Gujarat offered one of its shares for every five Rey shares two weeks ago, valuing Rey at 9c per share at the time, which was a considerable premium to the 5c territory it occupied for most of last month.
Rey directors have since called for its shareholders to not act on any correspondence from Gujarat while launching a rights issue to raise $A2.75 million.
Proceeds are intended to further advance Rey’s wholly owned Duchess-Paradise project in Western Australia’s Canning Basin, which has an indicated resource of 144 million tonnes of thermal coal and total resources of 511Mt.
“We are concerned that the Rey directors have advised their shareholders to reject Gujarat’s offer prior to receipt of our bidder’s statement,” Gujarat said, before updating the offer’s value.
“Rey directors are rejecting Gujarat’s offer at the implied rate of 11c per Rey share stating it undervalues Rey, but at the same time are proposing a rights issue at 9c based on the current share price, which is supported by the existence of Gujarat’s offer.”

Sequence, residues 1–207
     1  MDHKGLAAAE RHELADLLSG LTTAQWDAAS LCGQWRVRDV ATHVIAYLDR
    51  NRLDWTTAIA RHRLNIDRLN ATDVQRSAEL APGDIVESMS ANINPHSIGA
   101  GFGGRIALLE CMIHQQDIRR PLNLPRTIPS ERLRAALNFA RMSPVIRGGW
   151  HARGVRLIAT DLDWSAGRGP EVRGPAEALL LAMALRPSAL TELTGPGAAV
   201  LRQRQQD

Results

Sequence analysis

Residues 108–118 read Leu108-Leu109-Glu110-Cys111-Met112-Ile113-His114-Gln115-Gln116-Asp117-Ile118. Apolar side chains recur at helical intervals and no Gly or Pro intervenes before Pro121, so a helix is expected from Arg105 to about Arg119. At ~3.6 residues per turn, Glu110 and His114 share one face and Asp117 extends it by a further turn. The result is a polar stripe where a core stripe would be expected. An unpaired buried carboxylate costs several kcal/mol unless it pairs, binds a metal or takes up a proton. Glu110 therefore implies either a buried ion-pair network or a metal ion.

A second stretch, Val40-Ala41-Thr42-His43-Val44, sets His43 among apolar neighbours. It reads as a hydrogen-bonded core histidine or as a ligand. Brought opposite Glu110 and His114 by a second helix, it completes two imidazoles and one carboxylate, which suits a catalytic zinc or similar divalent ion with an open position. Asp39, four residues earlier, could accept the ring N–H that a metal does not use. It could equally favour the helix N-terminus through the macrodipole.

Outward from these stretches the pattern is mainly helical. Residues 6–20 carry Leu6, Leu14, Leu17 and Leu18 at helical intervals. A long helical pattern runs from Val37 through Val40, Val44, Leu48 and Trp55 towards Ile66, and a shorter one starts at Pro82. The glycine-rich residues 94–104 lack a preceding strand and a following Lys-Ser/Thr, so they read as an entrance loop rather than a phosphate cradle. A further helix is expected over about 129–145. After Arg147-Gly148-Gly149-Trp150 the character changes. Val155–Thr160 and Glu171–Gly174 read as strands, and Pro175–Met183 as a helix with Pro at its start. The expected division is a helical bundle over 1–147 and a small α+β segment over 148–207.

Gujarat voiced its views on how far the $2.75 million might go.
“We believe that the proposed amount of raising is not sufficient to complete the proposed prefeasibility study and a material amount will be absorbed in undertaking the rights issue and defending Gujarat’s bid.
“Gujarat has strong cash flow and profitability and its proven ability to finance and manage the development of large coal assets is considered a key benefit to the shareholders of Rey.”
Gujarat also noted that Rey’s share price was 6.4c before the takeover offer hit the market and the volume weighted average price was 5.5c in the 30 days previous.
Rey’s one-for-five non-renounceable rights issue is for 30.61 million shares.
On the day of the takeover offer, Gujarat chairman Arun Jagatramka resigned from his position as a Rey director.
Rey also holds several prospective copper and gold exploration projects in Chile and Peru.
Both Gujarat and Rey shares remained unchanged at 55c and 8.8c respectively.